Stocks of big technology companies are falling again in early trading on Wall Street, leading the overall market lower. The tech-heavy Nasdaq pulled back another 2.3% in the first few minutes of trading Tuesday, while the broader S&P 500 index of big U.S. companies lost 0.8%. Apple, PayPal and Twitter were all moving lower. Technology companies soared through the pandemic with so many people staying home, but with prospects for the economy improving those companies are giving back some of their gains. Meanwhile Treasury yields continued to climb, pushing the yield on the 10-year note up to 1.37%, its highest level in a year.
THIS IS A BREAKING NEWS UPDATE. AP’s earlier story follows below.
TOKYO (AP) — Global markets were mixed Tuesday after a sell-off of shares in technology companies on Wall Street.
France’s CAC 40 edged 0.3% higher in early trading to 5,782.75, while Germany’s DAX was little changed, up less than 0.1% at 13,953.13. Britain’s FTSE 100 gained 0.5% to 6,646.83. U.S. shares were set for gains, with Dow futures up 0.3% at 31,548. S&P 500 futures rose 0.2% to 3,882.88.
Tokyo was closed for a national holiday. South Korea’s Kospi slipped 0.3% to 3,070.09. Australia’s S&P/ASX 200 gained 0.9% to 6,839.20. Hong Kong’s Hang Seng jumped 1.0% to 30,632.64, while the Shanghai Composite lost 0.2% to 3,636.36.
The technology sell-off spilled into Asia. Chinese cell phone maker Xiaomi fell 3.1%, e-commerce giant Alibaba lost 1.2% and Taiwan computer chip maker declined 1.4%.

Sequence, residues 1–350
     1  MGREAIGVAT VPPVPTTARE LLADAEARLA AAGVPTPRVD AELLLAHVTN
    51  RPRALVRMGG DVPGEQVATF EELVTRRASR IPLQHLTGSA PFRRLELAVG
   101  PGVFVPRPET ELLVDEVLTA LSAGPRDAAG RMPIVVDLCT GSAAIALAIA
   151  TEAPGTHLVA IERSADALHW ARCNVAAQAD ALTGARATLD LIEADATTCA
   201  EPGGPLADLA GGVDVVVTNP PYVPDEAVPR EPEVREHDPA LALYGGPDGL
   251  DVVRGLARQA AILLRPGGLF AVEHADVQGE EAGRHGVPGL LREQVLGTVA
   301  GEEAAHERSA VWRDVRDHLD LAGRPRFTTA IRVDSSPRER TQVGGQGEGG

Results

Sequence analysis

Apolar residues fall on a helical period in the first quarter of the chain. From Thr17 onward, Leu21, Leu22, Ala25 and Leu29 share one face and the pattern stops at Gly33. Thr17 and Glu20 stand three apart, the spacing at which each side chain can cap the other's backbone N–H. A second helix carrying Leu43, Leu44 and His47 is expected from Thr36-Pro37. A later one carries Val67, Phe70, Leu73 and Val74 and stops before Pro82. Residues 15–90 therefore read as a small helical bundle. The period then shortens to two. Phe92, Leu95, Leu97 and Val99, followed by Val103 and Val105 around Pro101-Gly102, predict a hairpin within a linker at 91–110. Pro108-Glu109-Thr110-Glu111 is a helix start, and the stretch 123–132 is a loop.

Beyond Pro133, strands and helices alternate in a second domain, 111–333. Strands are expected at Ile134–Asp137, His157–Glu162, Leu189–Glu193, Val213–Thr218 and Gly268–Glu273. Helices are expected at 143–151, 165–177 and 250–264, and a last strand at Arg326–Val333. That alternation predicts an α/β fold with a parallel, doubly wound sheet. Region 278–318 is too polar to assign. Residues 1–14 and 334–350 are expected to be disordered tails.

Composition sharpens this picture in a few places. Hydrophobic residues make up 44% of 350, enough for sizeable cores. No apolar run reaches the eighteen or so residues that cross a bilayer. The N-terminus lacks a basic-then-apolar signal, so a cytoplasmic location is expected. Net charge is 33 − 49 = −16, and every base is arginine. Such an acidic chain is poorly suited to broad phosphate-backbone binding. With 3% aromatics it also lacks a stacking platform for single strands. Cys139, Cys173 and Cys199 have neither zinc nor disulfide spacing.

Although the world’s economies have been battered by the coronavirus pandemic, the deployment of COVID-19 vaccines is raising hopes for a recovery.
“Thankfully, for society at large, there is more optimism than fear today, with vaccines showing scientific results on the ground that validate efficacy and effectiveness over transmission, leading the world back to normality starting soon,” said Stephen Innes, chief global markets strategist at Axi.
Stocks began shedding some of their gains last week after a strong start to February as rising interest rates and the potential for inflation down the road dampened some of Wall Street’s enthusiasm, though the major stock indexes remain near their all-time highs.
Investors remain focused on the future of global economies badly hit by COVID-19 and the potential for more stimulus to fix them. The U.S. House of Representatives is likely to vote on President Joe Biden’s proposed stimulus package by the end of the week. It would include $1,400 checks to most Americans, additional payments for children, and billions of dollars in aid to state and local governments as well as additional aid to businesses impacted by the pandemic.
But the large amount of stimulus being pumped into the economy has given some investors pause, reviving worries about inflation that have been nearly nonexistent for more than a decade. Yields on U.S. Treasury bonds and notes have risen in the last several weeks as investors bet the recovery will bring more inflation.
Tech stocks have thrived throughout the pandemic, as investors bet that consumers spending more time at home would increasingly rely on mobile devices, PCs, video streaming and other technology products and services.
In energy trading, U.S. benchmark crude rose $1 to $62.70 a barrel in electronic trading on the New York Mercantile Exchange. It gained $2.44 to $61.70 per barrel on Monday. Brent crude, the international standard, rose $1.08 to $65.44.
In currency trading, the U.S. dollar climbed to 105.21 Japanese yen from 105.08 yen. The euro cost $1.2158, up from $1.2157.